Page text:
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Well, if you’re reading “Chapter 2”, then “Chapter 1” couldn’t have been that bad. Now it’s on to:
Chapter 2: Nebraska has a National Forest?
It seems that any time we want to head east in our RV, the fates conspire to force us to drive the entire width of Nebraska on I-80. OK. Maybe it’s not the fates. Maybe it’s just Google Maps. And Garmin. And Magellan. And Tom-Tom. And Waze.
Seriously. Any time we’ve mapped out a way to an Eastern destination, the first step is always “Get on I-80 East and drive one bazillion miles.” Try it yourself and see. Salt Lake City to Forest City, Iowa: Drive across Nebraska on I-80. Salt Lake City to Ypsilanti, Michigan: Drive across Nebraska on I-80. Salt Lake City to Louisville, Kentucky: Drive across Nebraska on I-80. Salt Lake City to Cleveland! Atlanta! TAMPA FREAKING FLORIDA! Drive across Nebaska on I-80.
Last month, when we were planning a trip back to Forest City, Iowa to visit with our Winnebagan friends, I was very determined not to drive all the way across Nebraska on I-80. So, like any good 21st century explorer, I started by looking at Google Maps, and looking for something that looked “interesting”.
Maybe it’s because I’m an RVer, but when looking at a map like this, I tend to equate “green” with “interesting” and so I gravitate towards the green areas. There weren’t too many of them between Salt Lake and Forest City, but the green splotches in the northwest corner of Nebraska got my attention. Zooming in, I saw it was the Nebraska National Forest.
Wait… They have forests in Nebraska?? Who knew?! Maybe it’s because the only thing I’ve seen of Nebraska is I-80 (about 35 times), but I just assumed all of Nebraska looked about like this
But as I turned on “Earth” view and looked closer, I could see it really was a forest. So I took a bird’s eye tour of the forest for a while and picked what I thought looked like a good boondocking spot.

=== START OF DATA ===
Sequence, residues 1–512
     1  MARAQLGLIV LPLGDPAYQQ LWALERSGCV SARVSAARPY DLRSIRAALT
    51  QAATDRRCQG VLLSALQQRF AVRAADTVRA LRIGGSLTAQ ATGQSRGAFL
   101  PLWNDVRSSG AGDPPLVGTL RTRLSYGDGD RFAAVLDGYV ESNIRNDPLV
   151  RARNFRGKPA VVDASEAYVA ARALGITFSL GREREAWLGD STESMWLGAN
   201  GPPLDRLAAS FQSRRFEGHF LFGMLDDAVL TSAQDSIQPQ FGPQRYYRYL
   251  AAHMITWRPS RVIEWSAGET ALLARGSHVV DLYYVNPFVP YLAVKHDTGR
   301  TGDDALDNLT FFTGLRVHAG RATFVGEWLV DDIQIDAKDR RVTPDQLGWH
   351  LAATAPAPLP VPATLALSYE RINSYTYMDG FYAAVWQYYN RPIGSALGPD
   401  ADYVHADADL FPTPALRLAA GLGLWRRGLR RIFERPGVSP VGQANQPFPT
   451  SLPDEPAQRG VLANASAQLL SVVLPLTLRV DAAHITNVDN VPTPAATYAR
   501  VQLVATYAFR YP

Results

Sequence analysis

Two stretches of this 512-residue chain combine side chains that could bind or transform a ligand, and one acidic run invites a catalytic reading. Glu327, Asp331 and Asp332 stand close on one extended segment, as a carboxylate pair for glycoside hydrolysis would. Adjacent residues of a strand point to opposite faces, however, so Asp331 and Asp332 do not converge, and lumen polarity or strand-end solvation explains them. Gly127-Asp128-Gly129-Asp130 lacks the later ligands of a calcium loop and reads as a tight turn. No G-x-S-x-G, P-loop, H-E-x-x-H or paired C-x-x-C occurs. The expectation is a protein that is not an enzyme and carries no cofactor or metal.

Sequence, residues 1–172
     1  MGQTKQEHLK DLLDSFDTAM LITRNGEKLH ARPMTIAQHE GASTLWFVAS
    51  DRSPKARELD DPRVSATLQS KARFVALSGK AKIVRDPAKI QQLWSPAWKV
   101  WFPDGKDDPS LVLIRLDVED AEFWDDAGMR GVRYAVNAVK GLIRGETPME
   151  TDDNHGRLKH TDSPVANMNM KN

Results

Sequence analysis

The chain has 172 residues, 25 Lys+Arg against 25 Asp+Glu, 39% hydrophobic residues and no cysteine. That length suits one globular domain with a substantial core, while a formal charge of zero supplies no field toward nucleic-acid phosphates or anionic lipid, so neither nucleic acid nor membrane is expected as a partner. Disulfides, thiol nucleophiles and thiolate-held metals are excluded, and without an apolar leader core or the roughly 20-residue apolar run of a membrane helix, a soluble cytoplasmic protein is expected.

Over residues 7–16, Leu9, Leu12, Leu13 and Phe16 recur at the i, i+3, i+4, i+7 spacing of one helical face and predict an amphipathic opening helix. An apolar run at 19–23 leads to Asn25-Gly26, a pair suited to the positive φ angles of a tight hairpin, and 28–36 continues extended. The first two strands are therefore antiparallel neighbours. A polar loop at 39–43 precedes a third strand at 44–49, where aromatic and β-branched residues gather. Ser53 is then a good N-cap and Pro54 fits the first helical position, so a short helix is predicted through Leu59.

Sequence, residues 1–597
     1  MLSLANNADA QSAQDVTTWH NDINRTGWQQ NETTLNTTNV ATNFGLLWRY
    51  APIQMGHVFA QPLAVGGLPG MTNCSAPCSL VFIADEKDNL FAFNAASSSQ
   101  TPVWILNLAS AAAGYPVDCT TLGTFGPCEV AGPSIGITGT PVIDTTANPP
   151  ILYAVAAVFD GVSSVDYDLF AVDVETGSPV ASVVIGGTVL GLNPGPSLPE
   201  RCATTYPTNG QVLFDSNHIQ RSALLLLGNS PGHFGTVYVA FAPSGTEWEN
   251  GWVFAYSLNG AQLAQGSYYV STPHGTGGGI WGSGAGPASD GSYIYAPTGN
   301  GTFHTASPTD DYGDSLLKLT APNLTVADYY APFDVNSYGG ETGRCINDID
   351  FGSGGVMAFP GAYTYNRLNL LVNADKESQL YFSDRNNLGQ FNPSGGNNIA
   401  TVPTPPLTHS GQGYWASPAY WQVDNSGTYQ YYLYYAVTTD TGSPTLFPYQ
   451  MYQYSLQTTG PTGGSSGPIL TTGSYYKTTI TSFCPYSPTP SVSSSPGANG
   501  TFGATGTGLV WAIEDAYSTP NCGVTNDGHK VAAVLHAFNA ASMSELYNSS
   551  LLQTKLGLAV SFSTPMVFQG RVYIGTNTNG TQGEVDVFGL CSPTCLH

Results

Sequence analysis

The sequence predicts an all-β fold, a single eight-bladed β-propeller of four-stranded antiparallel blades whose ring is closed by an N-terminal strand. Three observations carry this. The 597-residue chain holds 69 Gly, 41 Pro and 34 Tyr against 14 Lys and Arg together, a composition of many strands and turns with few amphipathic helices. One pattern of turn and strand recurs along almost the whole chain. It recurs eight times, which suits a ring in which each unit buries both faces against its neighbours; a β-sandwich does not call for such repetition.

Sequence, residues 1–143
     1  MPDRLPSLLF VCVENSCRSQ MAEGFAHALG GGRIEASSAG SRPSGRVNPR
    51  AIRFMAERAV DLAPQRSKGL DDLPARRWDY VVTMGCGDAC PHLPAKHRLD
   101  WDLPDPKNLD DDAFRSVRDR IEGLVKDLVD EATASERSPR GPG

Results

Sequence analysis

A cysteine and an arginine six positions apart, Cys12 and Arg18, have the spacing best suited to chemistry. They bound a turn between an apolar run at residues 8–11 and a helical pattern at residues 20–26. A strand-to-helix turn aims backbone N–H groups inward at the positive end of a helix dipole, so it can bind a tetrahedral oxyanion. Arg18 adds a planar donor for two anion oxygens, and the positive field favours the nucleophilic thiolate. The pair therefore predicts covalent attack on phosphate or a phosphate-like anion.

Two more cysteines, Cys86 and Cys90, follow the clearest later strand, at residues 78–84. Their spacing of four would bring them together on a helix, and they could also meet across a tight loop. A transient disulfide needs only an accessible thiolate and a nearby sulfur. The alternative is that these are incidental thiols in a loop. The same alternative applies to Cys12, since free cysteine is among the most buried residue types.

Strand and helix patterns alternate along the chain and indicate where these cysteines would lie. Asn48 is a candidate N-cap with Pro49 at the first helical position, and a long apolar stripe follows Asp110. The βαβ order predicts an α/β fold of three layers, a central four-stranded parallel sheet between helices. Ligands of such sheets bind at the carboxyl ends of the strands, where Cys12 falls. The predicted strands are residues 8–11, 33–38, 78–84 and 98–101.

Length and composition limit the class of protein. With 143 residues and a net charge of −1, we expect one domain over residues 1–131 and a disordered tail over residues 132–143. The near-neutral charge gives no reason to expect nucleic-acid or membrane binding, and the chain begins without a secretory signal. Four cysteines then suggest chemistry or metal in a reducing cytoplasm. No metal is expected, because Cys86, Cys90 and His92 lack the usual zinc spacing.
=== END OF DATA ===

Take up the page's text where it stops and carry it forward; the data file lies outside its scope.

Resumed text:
Now, I had no idea if the spot was interesting, infested with mosquitoes, or even accessible with our non-4WD Travato. Didn’t matter. That’s where I wanted to go.
Now one thing I could tell right away was that there were about 10 miles or so of dirt roads to get into this place. So immediately, I knew we wouldn’t be riding our road bikes. But we do have what we affectionately refer to as our “crap bikes”. Mine is a 45 pound mountain bike I got off the local want ads for $20, and Stef’s is a non-suspension hybrid bike she got back when she was in college. These seemed perfect for the Nebraska National Forest.
So we resolved to bring them. This meant that bikes outnumbered people on this trip by 2:1. Our hyper-expensive road bikes rode inside, and the “crap bikes” rode out on the Fiamma bike rack. We’d never traveled with four bikes before. This would be fun.
But before we headed off into the wilds of the Nebraska National Forest, we had an errand to run. When I sold Das Bus, her new owners didn’t want the extra set of Sprinter rims I had. So I had been listing them on eBay and they had finally sold earlier that week – to someone in Laramie, Wyoming. By sufficiently contorting our trip, I realized I could drop the rims off in Laramie and save about $80 in UPS shipping charges. The buyer agreed, and our plan was hatched.